There is a common misconception with Christians in business that if we are applying our faith to our business then we are supposed to just be nice. Sometimes holding others accountable doesn’t feel all that nice.
But accountability is a Biblical principle.
What Does The Bible Really Say About Accountability?
In James 5:12 He says “let your yes be yes and your no be no.” When we make rules but don’t hold anyone accountable, when we pay for performance but don’t follow-up on results, soon our rules mean nothing and our expectations are no longer their goal.
God explained to Adam and Eve the simple yet most IMPORTANT rule. Just don’t eat off the tree of good and evil. I guess Adam and Eve didn’t think about the accountability part, but much to mankind’s dismay, God was a man of His word. He held true to His rule and we are all living the results of that accountability.
Again, don’t forget the grace and mercy part.
Thankfully, He also brought us Jesus to redeem us from our sins and reunite us with the Father. God knows that we need a Savior. In our homes, our children need parents and in our business our teams need a leader.
Three Examples of Accountability in the Bible
How are you doing with the accountability part?
I know we feel that as Christians we are supposed to be kind and forgiving. And yes if someone is truly repentant, we should also forgive just as God forgives us. However, I still see many examples of individuals in the Bible having to live out the consequences of their sin, although they are forgiven. As a refresher:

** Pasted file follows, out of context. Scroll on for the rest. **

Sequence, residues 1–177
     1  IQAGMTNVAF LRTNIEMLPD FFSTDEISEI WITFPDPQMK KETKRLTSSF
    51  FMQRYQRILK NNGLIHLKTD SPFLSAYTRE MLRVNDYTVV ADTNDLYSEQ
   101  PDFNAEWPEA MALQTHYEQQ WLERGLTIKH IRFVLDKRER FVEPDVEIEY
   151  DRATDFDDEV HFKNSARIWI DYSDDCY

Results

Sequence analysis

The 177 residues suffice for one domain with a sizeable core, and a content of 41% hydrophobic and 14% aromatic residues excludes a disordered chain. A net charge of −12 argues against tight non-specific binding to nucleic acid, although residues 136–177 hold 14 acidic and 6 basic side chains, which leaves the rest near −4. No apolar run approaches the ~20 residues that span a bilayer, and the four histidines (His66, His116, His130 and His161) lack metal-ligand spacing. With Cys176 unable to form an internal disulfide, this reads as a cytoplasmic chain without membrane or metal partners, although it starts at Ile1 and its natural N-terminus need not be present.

- Moses never made it to the promised land.
- David had quite a challenging life after some of his iniquities.
- King Asa didn’t trust God who had protected him all along and made treaties with neighboring Kings. Unfortunately, he had to stand alone with his treaties and things didn’t go well.
In contrast, Abraham obeyed, even offering up his son Isaac, and God blessed Him to be the father of nations.
Strengthen Your Business with Accountability
I know it is difficult sometimes as a leader to feel like we are always “the bad guy.” But, remember, holding people accountable to their commitments, to job performance, and to following the rules and policies, will actually STRENGTHEN the team.
People will know what is expected and thrive with the structure and support. They will know that the other people on the team are accountable to the same game plan and this will enhance collaboration and team work.
Do you feel bad holding your staff accountable for the expectations and rules of their jobs? What is the source of your guilt? What keeps you from establishing this firm foundation?